In response to Student Suspended For Saying ‘Bless You’ After Classmate Sneezed:
An excellent return across the school-lunacy net! I’ll drop back and use a backhand swing to send the ball back your way, with an assist from the Selma, Alabama Times-Journal:
A sixth grade Brantley Elementary teacher was put on paid administrative leave Wednesday after a Facebook post revealed the teacher allegedly instructed the students Tuesday to reenact a Ferguson, Mo. shooting known nationwide.
Jessica Baughn, the mother of Brantley sixth grade student Jimmy Griffin, posted a complaint Tuesday on the Sound Off Selma Facebook page. In the post, Guaghn expressed her shock after learning a teacher had told the class to reenact the shooting in which an unarmed Mike Brown was shot by police Aug. 9 in Ferguson, Mo.
Students were reportedly asked to research the shooting online, finding out such details as to how many times Brown was shot and where.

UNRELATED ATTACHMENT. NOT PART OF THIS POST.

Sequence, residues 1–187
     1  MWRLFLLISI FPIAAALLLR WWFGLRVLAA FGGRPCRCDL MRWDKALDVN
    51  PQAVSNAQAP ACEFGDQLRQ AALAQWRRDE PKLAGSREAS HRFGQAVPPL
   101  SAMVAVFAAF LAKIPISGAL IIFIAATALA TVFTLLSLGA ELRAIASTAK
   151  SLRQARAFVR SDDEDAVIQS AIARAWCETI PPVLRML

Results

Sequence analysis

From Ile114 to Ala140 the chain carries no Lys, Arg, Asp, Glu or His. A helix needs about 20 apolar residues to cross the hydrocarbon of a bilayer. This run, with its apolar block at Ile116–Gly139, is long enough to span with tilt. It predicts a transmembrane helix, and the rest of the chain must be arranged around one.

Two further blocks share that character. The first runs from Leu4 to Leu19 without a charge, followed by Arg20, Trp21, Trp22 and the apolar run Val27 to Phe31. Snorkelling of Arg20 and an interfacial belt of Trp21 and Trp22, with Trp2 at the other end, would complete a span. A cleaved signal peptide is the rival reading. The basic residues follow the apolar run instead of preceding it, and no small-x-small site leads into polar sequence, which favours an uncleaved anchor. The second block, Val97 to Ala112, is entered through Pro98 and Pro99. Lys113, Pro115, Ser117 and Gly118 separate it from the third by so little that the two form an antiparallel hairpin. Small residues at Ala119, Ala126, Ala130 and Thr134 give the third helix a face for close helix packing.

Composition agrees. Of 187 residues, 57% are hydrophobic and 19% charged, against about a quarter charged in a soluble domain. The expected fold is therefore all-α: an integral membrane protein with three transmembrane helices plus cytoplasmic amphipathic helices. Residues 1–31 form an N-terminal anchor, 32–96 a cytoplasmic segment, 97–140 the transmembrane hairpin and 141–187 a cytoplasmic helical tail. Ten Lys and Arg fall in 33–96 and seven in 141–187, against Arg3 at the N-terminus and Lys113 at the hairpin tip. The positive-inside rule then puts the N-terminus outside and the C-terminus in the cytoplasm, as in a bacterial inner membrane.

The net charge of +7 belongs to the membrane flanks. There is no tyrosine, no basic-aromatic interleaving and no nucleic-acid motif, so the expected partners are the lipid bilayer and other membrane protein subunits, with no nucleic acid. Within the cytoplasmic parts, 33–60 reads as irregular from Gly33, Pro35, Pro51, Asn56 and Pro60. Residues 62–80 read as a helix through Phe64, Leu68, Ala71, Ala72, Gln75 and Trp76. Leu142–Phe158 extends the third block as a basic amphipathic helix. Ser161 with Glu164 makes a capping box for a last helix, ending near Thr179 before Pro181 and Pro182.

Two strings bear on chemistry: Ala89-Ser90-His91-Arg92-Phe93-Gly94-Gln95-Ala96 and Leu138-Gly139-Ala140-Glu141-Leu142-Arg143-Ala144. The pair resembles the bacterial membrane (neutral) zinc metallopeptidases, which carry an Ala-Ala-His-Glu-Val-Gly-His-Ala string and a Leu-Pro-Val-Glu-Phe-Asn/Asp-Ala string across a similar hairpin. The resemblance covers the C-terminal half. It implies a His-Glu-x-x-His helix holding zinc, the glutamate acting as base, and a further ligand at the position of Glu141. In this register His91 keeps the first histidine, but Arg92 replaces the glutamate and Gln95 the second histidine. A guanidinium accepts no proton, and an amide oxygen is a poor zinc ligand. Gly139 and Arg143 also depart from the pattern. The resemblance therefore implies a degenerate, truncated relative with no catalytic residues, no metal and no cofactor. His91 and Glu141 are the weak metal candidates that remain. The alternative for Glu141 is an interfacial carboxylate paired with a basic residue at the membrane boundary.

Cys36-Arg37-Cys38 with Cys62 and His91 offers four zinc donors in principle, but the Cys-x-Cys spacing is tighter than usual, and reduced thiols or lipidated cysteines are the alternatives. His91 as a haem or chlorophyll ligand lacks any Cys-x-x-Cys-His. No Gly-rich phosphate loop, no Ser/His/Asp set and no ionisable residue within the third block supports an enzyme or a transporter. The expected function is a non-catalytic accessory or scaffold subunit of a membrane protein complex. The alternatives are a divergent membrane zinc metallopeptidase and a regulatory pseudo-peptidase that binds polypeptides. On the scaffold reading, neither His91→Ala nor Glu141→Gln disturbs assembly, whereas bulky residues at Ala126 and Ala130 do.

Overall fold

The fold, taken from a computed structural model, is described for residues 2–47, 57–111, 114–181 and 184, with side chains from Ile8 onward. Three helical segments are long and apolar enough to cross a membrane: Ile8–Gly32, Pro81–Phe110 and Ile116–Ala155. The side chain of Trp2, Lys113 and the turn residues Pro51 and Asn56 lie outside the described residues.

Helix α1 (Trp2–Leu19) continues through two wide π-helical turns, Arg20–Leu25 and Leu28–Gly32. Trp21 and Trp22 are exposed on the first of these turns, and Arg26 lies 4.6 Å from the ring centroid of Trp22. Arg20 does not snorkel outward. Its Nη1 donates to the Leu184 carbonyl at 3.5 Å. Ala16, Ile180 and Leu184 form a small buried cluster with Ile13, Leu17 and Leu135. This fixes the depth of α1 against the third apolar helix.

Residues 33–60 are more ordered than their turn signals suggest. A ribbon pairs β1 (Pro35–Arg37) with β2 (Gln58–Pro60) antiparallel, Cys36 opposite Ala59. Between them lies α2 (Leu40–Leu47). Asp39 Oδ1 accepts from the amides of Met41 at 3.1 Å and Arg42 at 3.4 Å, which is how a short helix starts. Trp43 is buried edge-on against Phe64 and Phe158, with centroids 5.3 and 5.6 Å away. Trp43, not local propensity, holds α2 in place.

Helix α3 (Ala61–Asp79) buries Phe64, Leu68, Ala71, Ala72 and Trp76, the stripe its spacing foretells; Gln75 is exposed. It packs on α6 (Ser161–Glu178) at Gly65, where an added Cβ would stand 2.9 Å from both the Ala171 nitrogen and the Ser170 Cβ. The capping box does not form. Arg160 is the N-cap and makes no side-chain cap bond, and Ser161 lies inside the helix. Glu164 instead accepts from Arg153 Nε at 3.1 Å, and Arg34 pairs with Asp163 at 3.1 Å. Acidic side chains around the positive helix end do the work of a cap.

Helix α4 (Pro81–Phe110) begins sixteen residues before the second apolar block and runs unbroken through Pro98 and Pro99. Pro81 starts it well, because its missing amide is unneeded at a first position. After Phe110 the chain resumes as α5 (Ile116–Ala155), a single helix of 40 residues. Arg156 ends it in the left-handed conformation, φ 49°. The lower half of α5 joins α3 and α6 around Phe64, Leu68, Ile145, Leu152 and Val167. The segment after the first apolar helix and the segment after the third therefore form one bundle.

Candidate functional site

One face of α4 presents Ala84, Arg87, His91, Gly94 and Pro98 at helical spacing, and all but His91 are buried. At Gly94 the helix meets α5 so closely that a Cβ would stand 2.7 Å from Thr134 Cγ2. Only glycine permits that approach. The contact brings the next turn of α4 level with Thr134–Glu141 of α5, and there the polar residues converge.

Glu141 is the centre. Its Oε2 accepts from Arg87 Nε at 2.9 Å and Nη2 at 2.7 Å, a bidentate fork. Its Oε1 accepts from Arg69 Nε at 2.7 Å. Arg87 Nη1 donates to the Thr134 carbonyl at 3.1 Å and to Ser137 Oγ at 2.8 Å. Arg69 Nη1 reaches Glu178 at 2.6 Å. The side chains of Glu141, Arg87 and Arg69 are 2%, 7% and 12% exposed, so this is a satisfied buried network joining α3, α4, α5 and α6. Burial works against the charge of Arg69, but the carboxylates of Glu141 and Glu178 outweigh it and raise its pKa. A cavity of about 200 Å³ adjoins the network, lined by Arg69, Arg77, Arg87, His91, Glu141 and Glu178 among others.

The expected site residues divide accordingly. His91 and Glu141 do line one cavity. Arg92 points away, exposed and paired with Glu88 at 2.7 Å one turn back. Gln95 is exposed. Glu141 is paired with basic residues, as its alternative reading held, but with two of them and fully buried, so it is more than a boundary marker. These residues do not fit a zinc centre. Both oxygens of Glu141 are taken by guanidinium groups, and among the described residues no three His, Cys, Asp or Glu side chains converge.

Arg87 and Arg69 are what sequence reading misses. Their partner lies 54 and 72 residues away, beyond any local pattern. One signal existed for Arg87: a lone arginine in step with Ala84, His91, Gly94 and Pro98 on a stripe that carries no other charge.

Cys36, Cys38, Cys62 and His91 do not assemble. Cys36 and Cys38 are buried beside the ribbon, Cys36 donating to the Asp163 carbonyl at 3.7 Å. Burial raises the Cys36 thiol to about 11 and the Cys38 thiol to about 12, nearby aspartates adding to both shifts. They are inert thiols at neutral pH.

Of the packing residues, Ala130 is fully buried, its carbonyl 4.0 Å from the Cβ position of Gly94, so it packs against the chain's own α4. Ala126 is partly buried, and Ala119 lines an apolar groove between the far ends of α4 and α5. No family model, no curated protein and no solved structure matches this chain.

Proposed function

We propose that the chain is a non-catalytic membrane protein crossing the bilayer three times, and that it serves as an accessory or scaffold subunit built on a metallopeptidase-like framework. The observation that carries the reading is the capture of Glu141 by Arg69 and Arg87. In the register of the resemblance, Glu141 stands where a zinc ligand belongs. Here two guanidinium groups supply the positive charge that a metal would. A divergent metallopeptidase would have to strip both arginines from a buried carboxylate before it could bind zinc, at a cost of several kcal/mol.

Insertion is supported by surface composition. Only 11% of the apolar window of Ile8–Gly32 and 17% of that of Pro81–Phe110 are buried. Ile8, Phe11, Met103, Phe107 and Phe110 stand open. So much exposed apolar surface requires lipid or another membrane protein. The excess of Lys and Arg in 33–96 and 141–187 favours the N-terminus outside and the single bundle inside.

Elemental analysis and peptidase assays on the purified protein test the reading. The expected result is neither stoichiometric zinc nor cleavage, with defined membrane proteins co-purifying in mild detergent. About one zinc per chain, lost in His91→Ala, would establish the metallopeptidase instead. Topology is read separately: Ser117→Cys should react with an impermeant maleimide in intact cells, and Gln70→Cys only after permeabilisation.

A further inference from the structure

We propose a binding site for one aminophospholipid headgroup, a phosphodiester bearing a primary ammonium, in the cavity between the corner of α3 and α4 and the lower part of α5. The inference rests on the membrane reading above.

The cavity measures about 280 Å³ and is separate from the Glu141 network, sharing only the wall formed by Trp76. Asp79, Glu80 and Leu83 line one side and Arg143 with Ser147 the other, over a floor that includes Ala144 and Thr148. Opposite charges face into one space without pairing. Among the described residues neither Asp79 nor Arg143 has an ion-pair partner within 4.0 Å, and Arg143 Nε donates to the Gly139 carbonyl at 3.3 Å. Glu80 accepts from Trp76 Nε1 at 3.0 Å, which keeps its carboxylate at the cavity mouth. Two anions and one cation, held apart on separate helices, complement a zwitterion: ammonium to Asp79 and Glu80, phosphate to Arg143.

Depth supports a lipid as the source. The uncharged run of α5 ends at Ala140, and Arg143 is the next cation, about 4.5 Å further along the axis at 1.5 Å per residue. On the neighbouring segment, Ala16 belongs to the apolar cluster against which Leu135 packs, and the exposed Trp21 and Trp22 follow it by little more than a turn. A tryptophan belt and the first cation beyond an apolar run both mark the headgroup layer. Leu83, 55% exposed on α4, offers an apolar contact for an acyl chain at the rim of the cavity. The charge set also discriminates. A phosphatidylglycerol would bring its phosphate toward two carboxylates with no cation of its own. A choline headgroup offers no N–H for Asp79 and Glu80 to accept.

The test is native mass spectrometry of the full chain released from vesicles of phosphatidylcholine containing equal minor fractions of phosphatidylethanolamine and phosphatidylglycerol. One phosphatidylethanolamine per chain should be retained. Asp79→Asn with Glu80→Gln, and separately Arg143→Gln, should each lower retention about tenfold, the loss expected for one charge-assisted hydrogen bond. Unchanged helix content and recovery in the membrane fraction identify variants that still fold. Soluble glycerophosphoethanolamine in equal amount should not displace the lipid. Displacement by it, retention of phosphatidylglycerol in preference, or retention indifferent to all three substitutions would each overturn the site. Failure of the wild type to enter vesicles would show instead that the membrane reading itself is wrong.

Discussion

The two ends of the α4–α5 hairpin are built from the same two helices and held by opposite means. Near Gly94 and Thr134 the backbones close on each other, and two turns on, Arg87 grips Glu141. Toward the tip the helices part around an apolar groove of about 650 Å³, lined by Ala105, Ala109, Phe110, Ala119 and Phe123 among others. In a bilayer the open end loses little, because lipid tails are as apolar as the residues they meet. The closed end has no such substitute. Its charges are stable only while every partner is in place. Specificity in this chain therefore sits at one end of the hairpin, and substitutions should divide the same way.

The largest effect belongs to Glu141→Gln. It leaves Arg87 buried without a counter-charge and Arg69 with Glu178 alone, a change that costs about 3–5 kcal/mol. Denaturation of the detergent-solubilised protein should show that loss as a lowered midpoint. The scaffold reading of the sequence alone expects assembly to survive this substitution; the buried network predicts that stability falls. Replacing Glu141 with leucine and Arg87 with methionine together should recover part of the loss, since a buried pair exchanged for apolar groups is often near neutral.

“I don’t think that it needs to be talked about at school at all, let alone reenacted,” Baughn said. “It scares me as a parent, because any one of those children could have picked up their aunt, uncle, grandma or whoever’s gun and pointed it at another child and it went off accidentally.”
So writing a couple of sentences about shooting an imaginary dinosaur gets a 16-year-old arrested and suspended in South Carolina, and saying “bless you” is considered an act of religious oppression in Tennessee, while forcing considerably younger children to re-enact the racially-charged death of a real human being in Selma, Alabama seemed like a great idea to a teacher, until one of the parents blew a gasket. The school administrators evidently don’t want to discuss the exact details of this little “skit,” but apparently it was bad enough to get the teacher put on paid leave for a while.
What unites these stories – besides the gun-dinosaur thing illustrating how zero-tolerance extremism is designed to relieve school administrators of the burden of exercising discretion – is the value educators place on political thought control. They’re exploring the way language can shape the way kids think about the world, and plant certain agendas in their young heads: guns bad, religion bad, and whatever message was sent in that Michael Brown skit, which I’m guessing was not “respect the police and reserve judgment until all the facts are in” based on the response.
That would all be bad enough if so many schools were not singularly failing to teach children what we need them to know. Less politics and more education, please.